Systemic lupus erythematosis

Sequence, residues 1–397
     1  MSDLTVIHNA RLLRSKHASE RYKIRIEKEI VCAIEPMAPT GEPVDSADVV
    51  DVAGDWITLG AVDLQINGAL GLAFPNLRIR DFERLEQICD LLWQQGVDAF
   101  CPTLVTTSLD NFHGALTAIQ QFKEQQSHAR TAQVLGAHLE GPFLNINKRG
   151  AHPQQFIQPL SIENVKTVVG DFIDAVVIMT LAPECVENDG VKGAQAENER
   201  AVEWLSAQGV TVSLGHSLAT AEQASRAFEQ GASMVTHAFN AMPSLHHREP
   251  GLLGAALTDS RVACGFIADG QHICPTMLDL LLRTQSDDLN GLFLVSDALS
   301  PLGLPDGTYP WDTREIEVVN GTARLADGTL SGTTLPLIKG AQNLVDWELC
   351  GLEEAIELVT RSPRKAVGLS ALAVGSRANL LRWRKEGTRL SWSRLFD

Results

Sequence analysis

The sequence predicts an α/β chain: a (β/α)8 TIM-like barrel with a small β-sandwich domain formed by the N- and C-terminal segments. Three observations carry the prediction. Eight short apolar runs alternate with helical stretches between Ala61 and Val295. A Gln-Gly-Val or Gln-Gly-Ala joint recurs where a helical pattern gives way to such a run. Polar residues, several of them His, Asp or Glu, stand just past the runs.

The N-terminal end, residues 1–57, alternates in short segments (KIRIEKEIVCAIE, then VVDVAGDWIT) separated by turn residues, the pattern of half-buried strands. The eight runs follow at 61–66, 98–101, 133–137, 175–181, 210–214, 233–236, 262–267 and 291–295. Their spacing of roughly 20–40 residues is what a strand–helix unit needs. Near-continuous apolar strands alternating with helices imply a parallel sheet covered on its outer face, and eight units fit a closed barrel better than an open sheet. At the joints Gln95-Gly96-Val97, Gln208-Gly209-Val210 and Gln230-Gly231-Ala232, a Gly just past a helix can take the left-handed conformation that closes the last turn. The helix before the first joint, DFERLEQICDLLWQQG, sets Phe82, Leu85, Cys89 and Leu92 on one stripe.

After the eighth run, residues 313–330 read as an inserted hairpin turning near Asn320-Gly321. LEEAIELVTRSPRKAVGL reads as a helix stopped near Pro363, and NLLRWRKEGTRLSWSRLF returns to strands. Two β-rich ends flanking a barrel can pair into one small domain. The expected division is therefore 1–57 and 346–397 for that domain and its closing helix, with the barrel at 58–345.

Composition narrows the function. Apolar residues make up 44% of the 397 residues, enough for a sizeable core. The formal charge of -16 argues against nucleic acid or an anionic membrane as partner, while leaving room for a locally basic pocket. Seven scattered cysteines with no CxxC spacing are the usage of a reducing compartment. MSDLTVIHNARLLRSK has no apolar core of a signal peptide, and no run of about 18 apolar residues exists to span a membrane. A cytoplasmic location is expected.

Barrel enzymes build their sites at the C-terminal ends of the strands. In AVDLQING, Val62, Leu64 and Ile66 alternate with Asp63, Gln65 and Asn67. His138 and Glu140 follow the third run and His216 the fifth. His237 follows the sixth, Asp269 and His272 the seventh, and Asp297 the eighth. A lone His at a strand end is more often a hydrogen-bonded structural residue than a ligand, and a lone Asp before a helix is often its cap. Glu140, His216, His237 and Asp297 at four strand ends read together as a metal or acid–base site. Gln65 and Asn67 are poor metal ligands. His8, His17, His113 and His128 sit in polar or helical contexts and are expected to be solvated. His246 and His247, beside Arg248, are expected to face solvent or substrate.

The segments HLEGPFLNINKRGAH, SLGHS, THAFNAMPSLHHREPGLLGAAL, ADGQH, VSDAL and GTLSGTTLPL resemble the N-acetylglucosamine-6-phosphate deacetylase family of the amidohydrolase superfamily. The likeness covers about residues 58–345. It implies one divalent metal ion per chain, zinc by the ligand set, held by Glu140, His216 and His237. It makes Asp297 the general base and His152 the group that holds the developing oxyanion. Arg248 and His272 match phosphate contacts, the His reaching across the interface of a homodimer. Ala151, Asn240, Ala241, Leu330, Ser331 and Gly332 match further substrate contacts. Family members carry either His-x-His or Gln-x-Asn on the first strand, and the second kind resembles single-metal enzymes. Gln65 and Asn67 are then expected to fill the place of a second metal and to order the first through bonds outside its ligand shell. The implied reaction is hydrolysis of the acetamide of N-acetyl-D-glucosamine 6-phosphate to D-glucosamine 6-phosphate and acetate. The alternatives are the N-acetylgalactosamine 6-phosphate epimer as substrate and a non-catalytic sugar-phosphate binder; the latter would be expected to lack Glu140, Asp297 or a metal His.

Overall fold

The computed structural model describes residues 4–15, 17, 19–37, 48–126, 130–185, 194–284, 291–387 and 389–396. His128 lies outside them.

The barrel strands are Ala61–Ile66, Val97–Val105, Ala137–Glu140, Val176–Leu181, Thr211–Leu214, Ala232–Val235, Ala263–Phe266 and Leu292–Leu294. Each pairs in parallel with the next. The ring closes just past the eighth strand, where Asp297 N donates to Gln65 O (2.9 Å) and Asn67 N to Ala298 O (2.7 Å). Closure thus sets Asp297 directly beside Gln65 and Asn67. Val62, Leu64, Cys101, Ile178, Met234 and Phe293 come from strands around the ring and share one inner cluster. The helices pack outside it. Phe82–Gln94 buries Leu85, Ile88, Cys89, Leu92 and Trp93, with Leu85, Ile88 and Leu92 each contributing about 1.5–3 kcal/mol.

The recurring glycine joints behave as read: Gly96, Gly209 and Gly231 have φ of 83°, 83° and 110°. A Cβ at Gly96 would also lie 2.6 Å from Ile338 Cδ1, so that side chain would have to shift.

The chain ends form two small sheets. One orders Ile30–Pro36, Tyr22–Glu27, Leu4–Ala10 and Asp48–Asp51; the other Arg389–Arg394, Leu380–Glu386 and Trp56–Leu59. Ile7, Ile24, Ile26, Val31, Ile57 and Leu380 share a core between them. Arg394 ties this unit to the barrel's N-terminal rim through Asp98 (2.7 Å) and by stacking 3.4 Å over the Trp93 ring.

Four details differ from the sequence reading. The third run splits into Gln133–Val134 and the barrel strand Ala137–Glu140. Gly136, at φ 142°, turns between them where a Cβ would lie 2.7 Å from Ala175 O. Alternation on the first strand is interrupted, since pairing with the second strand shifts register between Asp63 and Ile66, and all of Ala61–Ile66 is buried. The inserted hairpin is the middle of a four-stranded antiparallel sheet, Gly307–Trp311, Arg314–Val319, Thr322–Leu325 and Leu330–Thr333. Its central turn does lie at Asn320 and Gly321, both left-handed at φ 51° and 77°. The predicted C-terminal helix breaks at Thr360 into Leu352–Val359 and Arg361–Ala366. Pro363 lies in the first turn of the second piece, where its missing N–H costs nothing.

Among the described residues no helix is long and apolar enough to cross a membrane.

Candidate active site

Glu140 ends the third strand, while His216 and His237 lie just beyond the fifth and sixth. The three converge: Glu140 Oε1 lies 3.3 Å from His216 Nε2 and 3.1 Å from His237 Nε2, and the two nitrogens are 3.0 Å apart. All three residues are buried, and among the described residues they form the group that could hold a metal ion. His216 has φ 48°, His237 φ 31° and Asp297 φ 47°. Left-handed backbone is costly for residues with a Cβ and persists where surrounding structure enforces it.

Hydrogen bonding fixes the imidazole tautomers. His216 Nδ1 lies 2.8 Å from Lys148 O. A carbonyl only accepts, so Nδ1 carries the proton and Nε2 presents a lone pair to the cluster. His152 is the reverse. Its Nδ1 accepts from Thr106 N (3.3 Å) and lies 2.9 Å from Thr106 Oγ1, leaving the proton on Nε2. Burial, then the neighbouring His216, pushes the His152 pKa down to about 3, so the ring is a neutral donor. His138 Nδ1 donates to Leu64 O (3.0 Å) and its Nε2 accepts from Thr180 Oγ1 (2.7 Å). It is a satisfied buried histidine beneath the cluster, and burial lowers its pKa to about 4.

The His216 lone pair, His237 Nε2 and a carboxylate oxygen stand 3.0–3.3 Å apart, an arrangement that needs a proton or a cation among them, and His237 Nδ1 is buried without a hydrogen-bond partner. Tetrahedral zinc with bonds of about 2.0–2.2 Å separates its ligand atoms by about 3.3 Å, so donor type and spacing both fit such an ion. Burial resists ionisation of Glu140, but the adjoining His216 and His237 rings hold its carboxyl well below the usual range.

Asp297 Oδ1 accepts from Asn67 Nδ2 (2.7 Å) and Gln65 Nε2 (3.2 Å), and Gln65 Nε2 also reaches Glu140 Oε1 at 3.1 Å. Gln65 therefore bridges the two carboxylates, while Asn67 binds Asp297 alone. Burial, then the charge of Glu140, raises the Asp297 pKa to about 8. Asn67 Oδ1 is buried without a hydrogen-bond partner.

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2. INTRODUCTION 3. DEFINITION SLE is a chronic multisystem inflammatory disease of autoimmune in origin 4. INCIDENCE More women are affected than men 5. ETIOLOGY Viral infection Genetic factors bacterial infection drugs, (Sulpha drugs hydralazine procainamide) Purperium Exposure to sunlight, sun burns Hormones 6. PATHOPHYSIOLOGY 7. CLINICAL MANIFESTATIONS Skin Butterfly-shaped rash Discoid lesions are ring-shaped Discoid lesions may also result in erythematous, scaly plaques 8. ARTHRITIS: Generally bilateral and symmetric,. Can resemble RA Unlike RA, the arthritis is non erosive;. Tendon involvement is common 9. CARDIAC Pericarditis. Pleural effusion. Myocarditis. Endocarditis. Coronary arteritisless common. 10. PULMONARY: Pleuritis. Pleural effusion. Lupus pneumonitis. Pulmonary hemorrhage. Pulmonary embolism. 11. GASTROINTESTINAL. Oral ulcers. Acute or sub acute abdominal pain. Pancreatitis. Spontaneous bacterial peritonitis. Bowel infarction. 12. RENAL: Nephritis. Focal segmental glomerulonephritis Proliferative Membranous nephritis 13. CENTRAL NERVOUS SYSTEM: Neuropsychiatric disorders. Depression Psychosis. Transient ischemic attacks/stroke. Epilepsy. Migraine headache. Myleopathy. Guillain-Barre syndrome. Chorea and other movement disorders. 14. HEMATOLOGIC: Hemolytic anemia. Leucopenia. Thrombocytopenia 15. CONSTITUTIONAL: Fever. Weight loss. Fatigue. 16. DIAGNOSTIC EVALUATION CBC ESR Complement levels Urinalysis 24-hour urine for protein and creatinine clearance. Chest x-ray Computed tomography (CT) scan or MRI. 17. MANAGEMENT Pharmacologic NSAIDsto reduce pain and inflammation. Antimalarialsto decrease disease activity. Corticosteroidsto reduce inflammatory process. Immunosuppressiveto suppress immune process 18. NON PHARMACOLOGIC Avoid direct exposure to sunlight to reduce the chance of exacerbation. Behavior modification to prevent exacerbations and to reduce symptoms. Joint protection and energy conservation. 19. OTHER MANAGEMENT Close follow-up for evaluation of cardiac, neurologic, renal, and other body systems. Referral to specialists for systemic manifestations. 20. NURSING ASSESSMENT Obtain clinical history, review systems, and perform physical examination for characteristic findings. Assess for signs and symptoms of infection and other side effects to medications. Assess patient's and family's ability to cope with impact of prolonged disease. 21. NURSING DIAGNOSES Fatigue related to chronic inflammation and altered immunity as evidenced by lack of energy inability to maintain usual routine Acute pain related to inflammatory process and inadequate comfort measures as evidenced by complaints of joint pain lack of relief from pain relieving measures ,reduction of activity to avoid exacerbation of pain 22. Impaired skin integrity related to photosensitivity ,skin rash ,and alopecia as evidenced by rash anywhere on body butterfly rash on face hairless areas of ulceration on fingertips, complaints of urticaria and photosensitivity Knowledge deficit related to lack of exposure to and unfamiliarity with information resources as evidenced by questions about SLE misinterpretation of information and inaccurate follow -through of instruction 23. NURSING INTERVENTIONS REDUCING PAIN Administer and teach self-administration of medications use of hot or cold applications, relaxation techniques 24. INCREASING CONTROL OVER DISEASE PROCESS Instruct patient to avoid factors that may exacerbate disease. Avoid exposure to sunlight and ultraviolet light. Use sunscreen with sun protection factor (SPF)of 15 or greater. Avoid prolonged sun exposure. Wear protective, lightweight clothing, long sleeves, hats. Avoid use of tanning beds. Avoid exposure to drugs and chemicals. Avoid exposure to hair spray Avoid exposure to hair-coloring agents. 25. MEDICATIONS Teach self-administration of pharmacologic agents to reduce disease activity. Encourage good nutrition, sleep habits, exercise, rest, and relaxation to improve general health and to help prevent infection. Encourage ventilation of feelings, counseling, or referrals to social work, occupational therapy, as needed. 26. MAINTAINING SKIN AND MUCOUS MEMBRANE INTEGRITY Apply topical corticosteroids to skin lesions as ordered. Suggest alternative hairstyles, scarves, and wigs to cover significant areas of alopecia. Encourage good oral hygiene and inspect mouth for oral ulcers. Avoid hot or spicy foods that may irritate oral ulcers. Apply topical agents or analgesics to reduce pain and to promote eating. 27. REDUCING FATIGUE Advise patient that fatigue level will fluctuate with disease activity. Encourage patient to modify schedule to include several rest periods during the day, pace activity and exercise according to body's tolerance, use energy conservation techniques in daily activities. Teach relaxation techniques, such as deep breathing, progressive muscle relaxation, and imagery to reduce emotional stress that causes fatigue. 28. PRESERVING URINARY ELIMINATION Assist with monitoring of urinary status as indicated by degree of renal involvement. Monitor intake and output and urine specific gravity. Measure urine protein, micro albumin, or obtain24- hour creatinine clearance, as ordered. Check test results of serum blood urea nitrogen (BUN) and creatinine. 29. PATIENT EDUCATION AND HEALTH MAINTENANCE Stress that close follow-up is mandatory, even in times of remission, to detect early progression of organ involvement and to alter drug therapy. Advise on the use of special cosmetics to cover skin lesions.Advise about reproduction. Avoid pregnancy during time of severe disease activity. Immunomodulators may have teratogenic effects. Use of some drugs for treatment of SLE can result instability. 30. COMPLICATIONS Renal failure. Permanent neurologic impairment. Infection. 31. GOUT 32. INTRODUCTION 33. DEFINITION Gout is a disorder of purine metabolism characterized by elevated uric acid levels and deposition of urate in joints and other tissues 34. INCIDENCE more commonly in men, middle aged men are more affected 35. ETIOLOGY Common causes Under excretion of uric acid Medications and chemicals 36. COMMON CAUSES Inherited enzyme defects. Certain disease conditions: Myelo proliferative disorders. Lymphoproliferative disorders. Cancer chemotherapy. Hemolytic anemias. Psoriasis. 37. UNDER EXCRETION OF URIC ACID (90% OF CASES) Renal disease. Endocrine disorders 38. MEDICATIONS AND CHEMICALS: Diuretics. Ethanol (alcohol). Low-dose aspirin. Pyrazinamide anti tuberculosis agent. Lead. Volume depletion statesnephrogenic diabetes insipidus. 39. PATHOPHYSIOLOGY Uric acid is the major end product of purine catabolism and is primarily excreted by the kidneys hyperuricemia may be result of of increased purine synthesis decreased renal excretion or both, Gout results from an overabundant accumulation and subsequent deposition of uric acid in the body. 40. CLINICAL MANIFESTATIONS ACUTE GOUTY ARTHRITIS Generally affects one jointoften first metatarso-phalangeal joint Other joints can be affected, such as ankle, knee; upper extremities are less commonly involved. Pain, warmth, erythema, and swelling of tissue surrounding the affected joint. Fever may occur. Onset of symptoms is sudden; intensity is severe. Duration of symptoms is self-limiting; lasts approxi-mately 3 to 10 days without treatment 41. CHRONIC TOPHACEOUS GOUT Occurs if acute gout is inadequately treated or if it goes untreated. Characterized by development of tophi or deposits of uric acid in and around joints, cartilage, and soft tissues. Arthritis is more prolonged in nature with discrete attacks less common. 42. RENAL DISEASE Caused by hyperuricemia (persistent elevation of uric acid in the blood). Kidney stones are composed of uric acid. Deposition of uric acid in kidney tissue. 43. DIAGNOSTIC EVALUATION Synovial fluid analysis. Identification of monosodium urate crystals under polarized microscopy. Synovial WBC count can range from 2,000 to 100,000/mm3. Culture of synovial fluid to rule out infection. 24-hour urine for uric acid to determine overproduction of uric acid versus under excretion. ESRelevated. X-rays of affected joints show changes consistent with diagnosis of gout. 44. PHARMACOLOGIC MANAGEMENT NSAIDsfor acute attacks to relieve pain and swelling. Colchicinesfor prevention of acute attacks and their treatment. Oral at onset of an attack, taken hourly until pain relief or first signs of toxicity (nausea, vomiting ,cramping, diarrhea 45. CORTICOSTEROIDS. Intra-articular if attack confined to one joint. Oralin short tapering course if other treatments are contraindicated or if attack involves many joints. 46. URATE-LOWERING AGENTS Uricosuric drugs, such as probenecid (Benamid), inter-fere with tubular reabsorption of uric acid. Allopurinol (Zyloprim)interferes with conversion of hypoxanthine and xanthine to uric acid. 47. NONPHARMACOLOGIC Avoidance of obesity. Avoidance of alcohol. Low-purine diet gives only a minor decrease in serum uric acid levels. 48. NURSING ASSESSMENT Obtain history for factors predisposing to gout. Perform physical examination. Inspect involved joint. Observe for tophi: a) Pinna of ear. b) Olecranon bursa c) Achilles tendon. Assess pain and pain relief pattern if attack is acute 49. NURSING INTERVENTIONS RELIEVING PAIN Administer and teach self-administration of pain relieving medications as prescribed. Encourage adequate fluid intake to assist with excretion of uric acid and to decrease likelihood of stone formation. Instruct patient to take prescribed medications consis-tently because interruptions in therapy can precipitate acute attacks. 50. FACILITATING MOBILITY Elevate and protect affected joint during acute attack. As